Gazette letters: Nature’s behaviour, School Streets, NHS, Air Ambulance

A Comma butterfly. Picture: PA/BARRY BACHELOR

A Comma butterfly. Picture: PA/BARRY BACHELOR - Credit: PA Archive/PA Images

If sometimes I am struck by the way the behaviour of my friends resembles that of animals, this week challenged me to see it from the other side, writes Will McCallum, Newington Green.

Two sights reminded me of the ways in which beasts assume characteristics we normally only associate with humans.Few scenes in nature bring me more pleasure than animals enjoying their food. Looking down from my window last week I saw a magpie hopping between the uppermost branches of a cherry tree. In its beak, firmly placed was a large, red cherry. I could barely stop smiling as I saw the bird try to squeeze cherries into its beak, before having swallowed the first. Gluttony, it seems, belongs to no single species. Sloth neither, apparently. To enjoy the Sunday sun I headed to Dalston Curve Garden – East London’s oasis. As I sat with friends we were bothered over and over again by a visitor – at first welcome, but later mildly irritating: a Comma, one of Britain’s more common butterflies. Instead of floating between brightly coloured surfaces, it chose instead to repeatedly visit the peak of my friend’s cap, resting there lazily for ten minutes at a time.

To see gluttony and sloth so clearly represented in the natural world brings hope that sitting around eating too much in this hot weather might simply be part of the natural order of things.

The School Streets proposal for London Fields School would divert traffic past other schools including Gayhurst School (Parents’ call to ban school run drivers) writes Rachel Afanasiev, full address supplied.

Such non-joined up planning is unfair and selfish. However, Kylie Barlow has form in this regard. Under her married name, Kylie ap Garth was a leading light behind Fume Free Streets which originally pushed forward the ill-fated scheme to close streets around London Fields.

The first iteration of this scheme would have pushed traffic on to Lansdowne Drive, and the scheme she endorsed, “Option 1” would have increased traffic around Gayhurst and Queensbridge Schools. Kylie is somewhat overplaying her naif persona in saying “We hope to come up with other ideas too,” as Fume Free Streets members are already in discussion with Hackney Council about how to implement further measures such as a bus gate on Westgate St.

It seems that Fume Free Streets still haven’t grasped the importance of transparency and of ensuring that they don’t just think of their streets, but those who would be adversely affected by their proposals.

Hackney Keep Our NHS Public (KONP) and other NHS campaigners have been refused tickets for the so called launch of East London Health and Care Partnership (ELHCP) on Wednesday (yesterday), writes Carol Akroyd, secretary, Hackney Keep Our NHS Public.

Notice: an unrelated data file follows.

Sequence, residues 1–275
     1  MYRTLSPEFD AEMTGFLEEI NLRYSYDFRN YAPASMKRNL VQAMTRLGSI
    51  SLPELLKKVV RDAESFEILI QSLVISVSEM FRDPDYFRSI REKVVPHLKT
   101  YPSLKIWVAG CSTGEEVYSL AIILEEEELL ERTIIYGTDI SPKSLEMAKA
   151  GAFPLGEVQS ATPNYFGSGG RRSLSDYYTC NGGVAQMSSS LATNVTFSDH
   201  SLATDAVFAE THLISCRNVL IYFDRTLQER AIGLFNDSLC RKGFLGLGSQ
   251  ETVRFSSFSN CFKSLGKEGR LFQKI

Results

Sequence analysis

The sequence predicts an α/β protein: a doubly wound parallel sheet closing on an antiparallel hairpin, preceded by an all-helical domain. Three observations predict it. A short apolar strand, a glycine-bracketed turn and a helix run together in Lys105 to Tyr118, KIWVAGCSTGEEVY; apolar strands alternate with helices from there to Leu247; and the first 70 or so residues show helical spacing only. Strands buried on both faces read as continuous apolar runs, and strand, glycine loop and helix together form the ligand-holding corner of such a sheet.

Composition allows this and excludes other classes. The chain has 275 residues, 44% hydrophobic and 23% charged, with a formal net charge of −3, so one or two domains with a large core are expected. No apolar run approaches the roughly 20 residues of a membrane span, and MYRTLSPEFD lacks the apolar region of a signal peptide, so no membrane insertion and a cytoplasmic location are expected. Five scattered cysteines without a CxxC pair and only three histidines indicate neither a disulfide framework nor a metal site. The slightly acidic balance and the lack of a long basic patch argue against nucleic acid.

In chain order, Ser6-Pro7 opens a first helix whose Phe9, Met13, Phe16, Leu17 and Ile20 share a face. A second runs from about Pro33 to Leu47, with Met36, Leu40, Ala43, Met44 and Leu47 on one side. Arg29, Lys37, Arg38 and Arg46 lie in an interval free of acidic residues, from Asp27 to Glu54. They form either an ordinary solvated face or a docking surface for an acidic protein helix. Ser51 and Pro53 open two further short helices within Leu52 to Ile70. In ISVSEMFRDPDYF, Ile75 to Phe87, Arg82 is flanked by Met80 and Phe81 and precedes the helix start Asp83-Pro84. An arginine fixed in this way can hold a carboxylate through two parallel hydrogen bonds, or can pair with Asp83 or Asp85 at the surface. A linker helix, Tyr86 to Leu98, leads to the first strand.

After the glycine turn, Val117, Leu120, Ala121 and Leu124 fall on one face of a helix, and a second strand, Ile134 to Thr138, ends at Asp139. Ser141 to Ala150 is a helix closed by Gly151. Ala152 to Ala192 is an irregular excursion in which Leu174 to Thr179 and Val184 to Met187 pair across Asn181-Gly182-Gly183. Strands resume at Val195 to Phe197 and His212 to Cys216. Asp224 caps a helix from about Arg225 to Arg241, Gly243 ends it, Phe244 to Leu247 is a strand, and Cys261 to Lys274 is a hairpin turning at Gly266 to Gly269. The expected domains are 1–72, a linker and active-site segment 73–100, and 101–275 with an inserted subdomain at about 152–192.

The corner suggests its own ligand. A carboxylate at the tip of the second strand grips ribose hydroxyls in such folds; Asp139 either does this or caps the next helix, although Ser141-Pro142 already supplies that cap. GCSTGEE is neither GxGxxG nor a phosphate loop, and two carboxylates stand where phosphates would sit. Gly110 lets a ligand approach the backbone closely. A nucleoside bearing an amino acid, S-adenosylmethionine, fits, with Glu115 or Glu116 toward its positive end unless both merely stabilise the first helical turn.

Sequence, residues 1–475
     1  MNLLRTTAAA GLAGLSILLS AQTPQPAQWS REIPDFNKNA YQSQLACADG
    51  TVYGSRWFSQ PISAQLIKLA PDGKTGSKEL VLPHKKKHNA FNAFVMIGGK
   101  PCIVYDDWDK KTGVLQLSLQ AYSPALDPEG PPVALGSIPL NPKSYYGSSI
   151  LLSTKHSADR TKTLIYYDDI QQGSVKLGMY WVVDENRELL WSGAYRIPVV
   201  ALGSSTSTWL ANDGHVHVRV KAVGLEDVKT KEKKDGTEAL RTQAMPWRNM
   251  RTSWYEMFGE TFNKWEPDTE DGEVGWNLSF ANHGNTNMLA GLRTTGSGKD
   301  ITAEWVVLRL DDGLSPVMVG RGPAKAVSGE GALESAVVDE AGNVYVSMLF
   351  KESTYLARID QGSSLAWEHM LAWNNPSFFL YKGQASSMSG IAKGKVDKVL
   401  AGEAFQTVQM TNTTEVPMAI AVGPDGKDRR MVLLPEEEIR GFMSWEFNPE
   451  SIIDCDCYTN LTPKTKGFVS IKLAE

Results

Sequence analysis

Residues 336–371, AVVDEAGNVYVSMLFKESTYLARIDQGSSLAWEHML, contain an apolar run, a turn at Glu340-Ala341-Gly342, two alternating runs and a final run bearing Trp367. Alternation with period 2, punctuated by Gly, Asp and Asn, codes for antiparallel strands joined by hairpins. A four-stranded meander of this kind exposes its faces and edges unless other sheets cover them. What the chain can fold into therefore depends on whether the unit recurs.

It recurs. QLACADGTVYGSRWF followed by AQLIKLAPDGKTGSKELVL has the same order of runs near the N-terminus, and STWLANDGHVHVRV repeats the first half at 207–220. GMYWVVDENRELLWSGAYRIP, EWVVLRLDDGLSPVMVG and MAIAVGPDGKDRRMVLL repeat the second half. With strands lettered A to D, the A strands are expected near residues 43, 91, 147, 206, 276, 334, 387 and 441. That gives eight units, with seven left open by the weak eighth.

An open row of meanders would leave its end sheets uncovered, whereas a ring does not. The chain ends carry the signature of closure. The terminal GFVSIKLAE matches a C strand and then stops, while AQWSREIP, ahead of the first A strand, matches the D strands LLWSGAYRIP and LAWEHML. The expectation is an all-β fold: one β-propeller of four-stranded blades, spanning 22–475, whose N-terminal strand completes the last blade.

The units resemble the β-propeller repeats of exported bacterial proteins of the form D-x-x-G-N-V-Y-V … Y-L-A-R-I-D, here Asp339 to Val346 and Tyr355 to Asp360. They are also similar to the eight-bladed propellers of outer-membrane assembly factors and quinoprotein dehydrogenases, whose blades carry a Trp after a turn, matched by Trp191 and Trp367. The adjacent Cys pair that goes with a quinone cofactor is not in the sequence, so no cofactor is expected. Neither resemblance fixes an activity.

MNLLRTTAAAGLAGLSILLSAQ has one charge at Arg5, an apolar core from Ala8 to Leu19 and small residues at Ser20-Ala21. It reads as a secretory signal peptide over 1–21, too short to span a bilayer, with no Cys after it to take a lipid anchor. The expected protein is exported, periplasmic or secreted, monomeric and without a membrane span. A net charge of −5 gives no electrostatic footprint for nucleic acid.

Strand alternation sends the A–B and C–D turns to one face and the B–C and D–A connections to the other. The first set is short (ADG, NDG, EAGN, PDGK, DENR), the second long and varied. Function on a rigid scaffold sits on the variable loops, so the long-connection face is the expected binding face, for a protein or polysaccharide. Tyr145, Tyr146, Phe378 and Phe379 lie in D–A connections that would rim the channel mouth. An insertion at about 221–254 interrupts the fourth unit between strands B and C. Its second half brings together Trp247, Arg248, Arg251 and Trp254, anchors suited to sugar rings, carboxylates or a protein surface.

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Yet again, ELHCP managers show they dont want people to learn the truth about the government plans for cuts and restructuring of the NHS, which will be imposed locally through the ELHCP.

ELHCP covers all NHS bodies and local authorities across City and Hackney, Tower Hamlets, Newham, Waltham Forest, Barking and Dagenham, Redbridge and Havering and will be responsible for imposing, over the next few years, a plan of cuts and changes to the NHS across the above seven boroughs.

The plan has been developed in secret, with no public involvment.

The population of East London is set to rise by 18 per cent, but the plan will impose spending cuts of £578 million per year compared with 2015 levels, and impose risky changes to NHS services such as the closure of King George A&E and the replacement of doctors by less skilled “Physican Associates”.

Already Hackney has been forced to wind up its much liked out of hours GP service (CHUHSE) to be replaced by a worse service imposed by plan bosses.

The general election showed the widespread concern about the NHS and funding cuts. The Labour manifesto pledged to put the plans on hold pending a review with full public involvment.

We are asking people to urge their local councillors and MPs to work with others across the country to oppose these plans and refuse to sign up to them.

I would like to emphasise the importance of local support to our charity and share some words of thanks with the people of Hackney, writes Jonathan Jenkins, CEO of London’s Air Ambulance.

It’s a great feeling when you find out a company has donated a large sum of money to the charity, but it is vital to never lose sight of our grass-root supporters. To me, a local cake sale is just as important as a big corporate partnership. This charity was built on community spirit; it’s a service funded by the people of London for the people of London and that’s something I really want to focus on as CEO.

The money raised by communities goes towards delivering our advanced trauma team via helicopter or rapid response car to critically injured people across the capital and it’s thanks to your help that London’s Air Ambulance was able to treat 86 people in Hackney last year. Now we need your help again to raise awareness of our charity status.

Over the last few years the charity has focused on acquiring a second helicopter and securing extended daylight flying hours, with these aims achieved we will now focus on the challenge of increasing awareness of our charitable status.